Molly J. CrockettThe Science article Deal or No Deal? said
What if your friend had a large apple pie but gave you only a sliver? Would you throw the piece on the floor in protest? Maybe, depending on your brain chemistry. New research suggests that such emotional decisions can be influenced by a shortage of the neurotransmitter serotonin.
Researchers have linked low levels of serotonin in the brain to various mental states, including depression and impulsive, irrational behavior. A team headed by neuroscience Ph.D. student Molly Crockett of the University of Cambridge in the U.K. wondered whether the neurotransmitter would affect how people play the ultimatum game, an experiment used by economists that shows how people’s economic decisions are sometimes irrational.
In the game, a “proposer” is given a sum of money, part of which he or she offers to share with a “responder”. If a responder turns down the offer as too low, then neither player gets any money. What the ultimatum game reveals is that even though a responder would always gain by accepting the offered share, he will sometimes cut off his own nose to spite his face, as it were, punishing a proposer by rejecting an unfair offer.
Molly J. Crockett is a PhD student in the Department of Experimental
Psychology, Behavioral and Clinical Neuroscience Institute, University
Her research focuses on the neural basis of self-regulation and impulsivity what brain mechanisms allow us to control our thoughts, feelings, and actions? She’s investigating self-control from the perspectives of both associative learning theory and neuroeconomics. To explore these questions, she is using pharmacological manipulations, fMRI and genetic analyses. Dysfunctions in these neural systems contribute to a wide range of psychopathology, including OCD, ADHD, depression, anxiety, and substance abuse. Her research aims to enhance our understanding of self-control in the healthy brain in order to inform the development of better treatments for psychopathology.
Molly coauthored Putting Feelings Into Words: Affect Labeling Disrupts Amygdala Activity in Response to Affective Stimuli: Putting feelings into words (affect labeling) has long been thought to help manage negative emotional experiences; however, the mechanisms by which affect labeling produces this benefit remain largely unknown. Recent neuroimaging studies suggest a possible neurocognitive pathway for this process, but methodological limitations of previous studies have prevented strong inferences from being drawn. A functional magnetic resonance imaging study of affect labeling was conducted to remedy these limitations.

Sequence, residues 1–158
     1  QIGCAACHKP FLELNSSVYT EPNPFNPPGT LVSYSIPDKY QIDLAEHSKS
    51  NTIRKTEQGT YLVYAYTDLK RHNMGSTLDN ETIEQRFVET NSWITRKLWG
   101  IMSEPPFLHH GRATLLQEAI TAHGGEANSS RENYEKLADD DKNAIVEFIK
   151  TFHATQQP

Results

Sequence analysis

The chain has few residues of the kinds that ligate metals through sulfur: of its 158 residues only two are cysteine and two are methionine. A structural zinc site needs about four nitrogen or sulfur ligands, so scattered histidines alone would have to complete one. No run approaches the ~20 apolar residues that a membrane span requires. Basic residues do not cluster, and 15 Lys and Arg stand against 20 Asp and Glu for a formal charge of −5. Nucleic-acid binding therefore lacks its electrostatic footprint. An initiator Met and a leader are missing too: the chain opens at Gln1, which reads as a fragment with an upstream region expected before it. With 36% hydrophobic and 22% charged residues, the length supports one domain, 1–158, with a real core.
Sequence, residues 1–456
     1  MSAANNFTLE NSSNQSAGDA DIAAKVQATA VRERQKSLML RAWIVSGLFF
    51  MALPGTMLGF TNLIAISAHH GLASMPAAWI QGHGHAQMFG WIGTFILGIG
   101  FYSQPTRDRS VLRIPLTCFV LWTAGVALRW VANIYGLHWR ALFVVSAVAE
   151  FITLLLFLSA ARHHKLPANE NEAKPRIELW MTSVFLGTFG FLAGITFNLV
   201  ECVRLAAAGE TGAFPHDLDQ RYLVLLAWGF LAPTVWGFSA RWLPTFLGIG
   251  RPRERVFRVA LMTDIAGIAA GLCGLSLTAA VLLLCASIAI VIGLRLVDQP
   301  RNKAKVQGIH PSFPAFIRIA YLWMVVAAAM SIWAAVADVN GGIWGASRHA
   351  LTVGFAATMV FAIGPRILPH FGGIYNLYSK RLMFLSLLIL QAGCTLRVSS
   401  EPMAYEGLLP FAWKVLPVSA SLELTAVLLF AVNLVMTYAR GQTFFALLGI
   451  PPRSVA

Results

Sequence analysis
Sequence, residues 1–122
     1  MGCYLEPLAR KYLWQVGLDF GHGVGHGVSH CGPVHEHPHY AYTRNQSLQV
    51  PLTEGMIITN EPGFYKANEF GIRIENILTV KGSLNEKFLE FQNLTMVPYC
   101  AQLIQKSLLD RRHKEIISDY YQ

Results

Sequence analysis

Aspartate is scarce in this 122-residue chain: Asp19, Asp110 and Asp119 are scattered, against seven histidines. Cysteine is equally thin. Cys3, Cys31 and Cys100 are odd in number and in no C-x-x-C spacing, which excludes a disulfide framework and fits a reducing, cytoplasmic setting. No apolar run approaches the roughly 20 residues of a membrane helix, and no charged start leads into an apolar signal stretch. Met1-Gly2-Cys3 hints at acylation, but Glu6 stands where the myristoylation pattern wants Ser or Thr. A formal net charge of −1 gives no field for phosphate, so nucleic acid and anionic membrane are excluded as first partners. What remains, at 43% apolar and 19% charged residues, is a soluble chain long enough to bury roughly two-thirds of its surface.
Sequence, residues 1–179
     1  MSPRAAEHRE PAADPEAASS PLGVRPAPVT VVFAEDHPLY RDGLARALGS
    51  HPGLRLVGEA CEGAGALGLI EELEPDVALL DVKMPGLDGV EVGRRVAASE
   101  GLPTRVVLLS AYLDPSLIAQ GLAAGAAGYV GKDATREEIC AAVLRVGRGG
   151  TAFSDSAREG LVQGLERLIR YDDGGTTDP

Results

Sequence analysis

The results indicated that affect labeling, relative to other forms of encoding, diminished the response of the amygdala and other limbic regions to negative emotional images. Additionally, affect labeling produced increased activity in a single brain region, right ventrolateral prefrontal cortex (RVLPFC). Finally, RVLPFC and amygdala activity during affect labeling were inversely correlated, a relationship that was mediated by activity in medial prefrontal cortex (MPFC). These results suggest that affect labeling may diminish emotional reactivity along a pathway from RVLPFC to MPFC to the amygdala.
Molly also coauthored Serotonin Modulates Behavioral Reactions to Unfairness: Serotonin (5-HT) has long been implicated in social behavior and impulsivity, but the mechanisms through which it modulates self-control remain unclear. She observed the effects of manipulating 5-HT function on behavior in the Ultimatum Game, where players must decide whether to accept or reject fair or unfair monetary offers from another player. Participants with depleted 5-HT levels rejected a greater proportion of unfair, but not fair offers, without showing changes in mood, fairness judgments, basic reward processing, or response inhibition. Her results suggest that 5-HT plays a critical role in regulating emotion during social decision-making.
Originally from Irvine, California, Molly earned her B.A. in Psychobiology at UCLA (University of California, Los Angeles). She loves to travel and she hopes to explore many new parts of the world over the next few years. Music is one of her greatest passions, she is a member of King’s Voices, the mixed-voice choir of King’s College in Cambridge. Learn about the books that have influenced her.